Tequila and Mezcal Tastings

Hearts Of Agave

Piñas or hearts of agave

“About the commonest causes of death in Mexico are murder and heart disease. . . . Although no figures are available, I can’t help thinking that tequila makes a contribution in both departments.” Kingsley Amis Everyday Drinking, 1983

Kingsley Amis echoes the sentiment shared by many of the booze cognoscenti prior to the 1990s. Herradura was the only brand that I can say with certainty was producing a 100% blue agave tequila of any great quality before then. It had some popularity during prohibition by virtue of the fact that it was available. It was the subject of an awesome rock and roll track in the 50s, and it was popular as a sour in the margarita. But when Patron launched in the 1990s it was to change the way tequila was viewed and to a large extent the way it was made and drunk.

There is no disputing that tequila can be a drink of high quality these days. It is reflective of its origins, the processes utilised in its manufacture and the ageing process, if any that it has been through. Tequila is also governed by what is arguably the strictest regulatory body for spirits anywhere in the world the CRT or Tequila Regulatory Council. To be called 100% Agave, tequila must have a NOM identifier on the bottle. This indicates the content’s compliance with legislated standards set by the Mexican government. Mexicans have long been proud of tequila, but now that the rest of the world is catching on, they don’t want any second rate swill out there muddying the waters.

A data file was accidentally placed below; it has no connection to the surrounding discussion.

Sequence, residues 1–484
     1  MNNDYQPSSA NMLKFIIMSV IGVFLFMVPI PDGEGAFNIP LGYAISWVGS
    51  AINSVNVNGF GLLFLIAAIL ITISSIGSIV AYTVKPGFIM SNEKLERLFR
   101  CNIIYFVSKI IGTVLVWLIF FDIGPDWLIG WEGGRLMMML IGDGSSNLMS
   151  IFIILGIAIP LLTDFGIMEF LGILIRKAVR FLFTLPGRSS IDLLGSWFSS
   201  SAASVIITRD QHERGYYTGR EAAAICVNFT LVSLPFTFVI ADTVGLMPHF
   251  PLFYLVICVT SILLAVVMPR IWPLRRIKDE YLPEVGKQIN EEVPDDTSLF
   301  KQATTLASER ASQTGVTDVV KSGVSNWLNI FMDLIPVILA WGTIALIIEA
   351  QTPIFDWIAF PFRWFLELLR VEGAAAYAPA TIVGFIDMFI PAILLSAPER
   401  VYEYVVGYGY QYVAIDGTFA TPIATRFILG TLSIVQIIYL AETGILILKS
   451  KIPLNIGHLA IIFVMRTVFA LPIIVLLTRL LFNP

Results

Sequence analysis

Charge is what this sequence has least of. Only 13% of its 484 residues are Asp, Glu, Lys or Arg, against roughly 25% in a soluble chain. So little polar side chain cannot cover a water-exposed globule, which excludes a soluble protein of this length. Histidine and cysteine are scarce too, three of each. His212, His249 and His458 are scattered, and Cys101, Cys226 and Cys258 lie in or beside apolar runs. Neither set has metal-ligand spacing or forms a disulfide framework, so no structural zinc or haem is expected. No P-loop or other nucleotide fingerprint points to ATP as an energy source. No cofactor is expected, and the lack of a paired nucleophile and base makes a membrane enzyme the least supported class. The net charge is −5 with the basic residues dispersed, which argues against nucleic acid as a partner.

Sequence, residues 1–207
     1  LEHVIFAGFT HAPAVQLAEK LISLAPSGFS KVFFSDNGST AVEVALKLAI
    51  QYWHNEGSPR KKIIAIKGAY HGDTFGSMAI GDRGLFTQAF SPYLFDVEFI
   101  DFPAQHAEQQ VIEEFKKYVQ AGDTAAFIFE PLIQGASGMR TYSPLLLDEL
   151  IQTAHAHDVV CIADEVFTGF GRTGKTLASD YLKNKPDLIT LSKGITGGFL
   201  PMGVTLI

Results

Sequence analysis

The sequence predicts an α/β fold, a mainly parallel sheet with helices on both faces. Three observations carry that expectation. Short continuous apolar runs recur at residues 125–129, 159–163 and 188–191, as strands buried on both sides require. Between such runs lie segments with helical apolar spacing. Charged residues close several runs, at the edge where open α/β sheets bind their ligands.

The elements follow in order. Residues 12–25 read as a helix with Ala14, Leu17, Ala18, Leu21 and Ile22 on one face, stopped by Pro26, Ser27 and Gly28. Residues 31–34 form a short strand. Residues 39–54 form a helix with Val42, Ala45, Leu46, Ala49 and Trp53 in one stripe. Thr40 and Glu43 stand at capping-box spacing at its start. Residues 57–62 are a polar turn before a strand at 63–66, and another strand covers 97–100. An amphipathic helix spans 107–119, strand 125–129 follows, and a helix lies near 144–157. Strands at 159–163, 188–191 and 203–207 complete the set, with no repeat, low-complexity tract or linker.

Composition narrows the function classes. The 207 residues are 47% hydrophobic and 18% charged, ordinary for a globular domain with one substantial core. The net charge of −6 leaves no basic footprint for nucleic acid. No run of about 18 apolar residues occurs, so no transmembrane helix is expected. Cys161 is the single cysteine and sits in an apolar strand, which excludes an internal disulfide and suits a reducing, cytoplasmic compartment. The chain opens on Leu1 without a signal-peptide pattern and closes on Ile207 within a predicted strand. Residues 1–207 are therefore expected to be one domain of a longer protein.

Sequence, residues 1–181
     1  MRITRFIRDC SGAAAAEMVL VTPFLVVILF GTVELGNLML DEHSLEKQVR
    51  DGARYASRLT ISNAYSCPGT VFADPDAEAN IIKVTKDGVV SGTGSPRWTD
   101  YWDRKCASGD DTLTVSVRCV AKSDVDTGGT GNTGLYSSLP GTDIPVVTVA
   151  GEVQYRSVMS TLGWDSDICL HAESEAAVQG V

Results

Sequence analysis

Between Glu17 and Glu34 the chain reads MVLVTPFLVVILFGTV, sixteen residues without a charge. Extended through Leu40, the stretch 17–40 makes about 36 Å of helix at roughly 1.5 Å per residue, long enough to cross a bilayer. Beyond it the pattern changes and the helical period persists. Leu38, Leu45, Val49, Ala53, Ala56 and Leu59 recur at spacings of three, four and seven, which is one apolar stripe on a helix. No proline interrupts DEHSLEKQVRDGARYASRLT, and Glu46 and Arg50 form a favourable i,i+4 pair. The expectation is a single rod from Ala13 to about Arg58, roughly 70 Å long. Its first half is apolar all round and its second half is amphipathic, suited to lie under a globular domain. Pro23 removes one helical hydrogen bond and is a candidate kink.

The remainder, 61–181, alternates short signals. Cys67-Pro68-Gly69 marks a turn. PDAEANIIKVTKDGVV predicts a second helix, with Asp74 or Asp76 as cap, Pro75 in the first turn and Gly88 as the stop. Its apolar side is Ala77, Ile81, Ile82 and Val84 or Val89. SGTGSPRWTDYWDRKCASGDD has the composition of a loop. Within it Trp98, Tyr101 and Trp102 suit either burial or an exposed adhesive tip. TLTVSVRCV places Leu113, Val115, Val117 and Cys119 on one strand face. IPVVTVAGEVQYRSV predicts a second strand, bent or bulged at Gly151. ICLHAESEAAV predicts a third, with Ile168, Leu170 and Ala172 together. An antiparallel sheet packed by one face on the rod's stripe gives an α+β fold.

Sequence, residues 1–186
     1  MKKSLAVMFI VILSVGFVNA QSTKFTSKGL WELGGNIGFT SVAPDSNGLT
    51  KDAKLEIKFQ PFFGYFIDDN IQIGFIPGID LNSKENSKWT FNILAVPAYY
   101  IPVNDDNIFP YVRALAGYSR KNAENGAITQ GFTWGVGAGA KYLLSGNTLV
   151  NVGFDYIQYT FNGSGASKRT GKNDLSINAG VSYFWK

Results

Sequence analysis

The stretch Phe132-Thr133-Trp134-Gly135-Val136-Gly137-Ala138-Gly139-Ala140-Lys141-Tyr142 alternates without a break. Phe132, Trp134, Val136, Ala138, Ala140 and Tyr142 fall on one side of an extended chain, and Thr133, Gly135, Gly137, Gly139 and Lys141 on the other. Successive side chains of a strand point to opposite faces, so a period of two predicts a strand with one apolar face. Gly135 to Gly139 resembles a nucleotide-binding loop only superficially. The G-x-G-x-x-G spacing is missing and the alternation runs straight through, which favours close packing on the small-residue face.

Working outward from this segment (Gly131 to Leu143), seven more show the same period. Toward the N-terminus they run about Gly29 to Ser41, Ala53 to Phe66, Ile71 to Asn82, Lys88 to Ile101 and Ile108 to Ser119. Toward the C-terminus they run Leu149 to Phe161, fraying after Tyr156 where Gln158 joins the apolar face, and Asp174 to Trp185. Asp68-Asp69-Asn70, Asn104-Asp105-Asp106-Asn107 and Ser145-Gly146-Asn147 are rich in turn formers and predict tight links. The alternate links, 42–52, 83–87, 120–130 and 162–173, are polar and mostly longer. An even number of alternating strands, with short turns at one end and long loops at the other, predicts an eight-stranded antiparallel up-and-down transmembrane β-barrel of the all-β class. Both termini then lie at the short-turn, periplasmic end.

Tequila could be thought of as a geographically specific term for Mezcal which is a broader term for agave spirit. Tequila also uses blue agave as its major ingredient. Mezcal can be made from a number of different species. There is agave spirit made in several regions of Mexico that is called mezcal, but perhaps the most distinctive version comes from the southern state of Oaxaca. The agave there is roasted pit-barbecue style, giving mezcal a smokey flavour.

In the northern states of Chihuahua and Durango, another type of spirit is made from a completely different type of succulent, though it looks reasonably similar, it is taxonomically very different. The succulent and its liquor are both known as sotol and it is aged in similar categories to tequila. It also boasts a history stretching back 10,000 years, though not in its current form!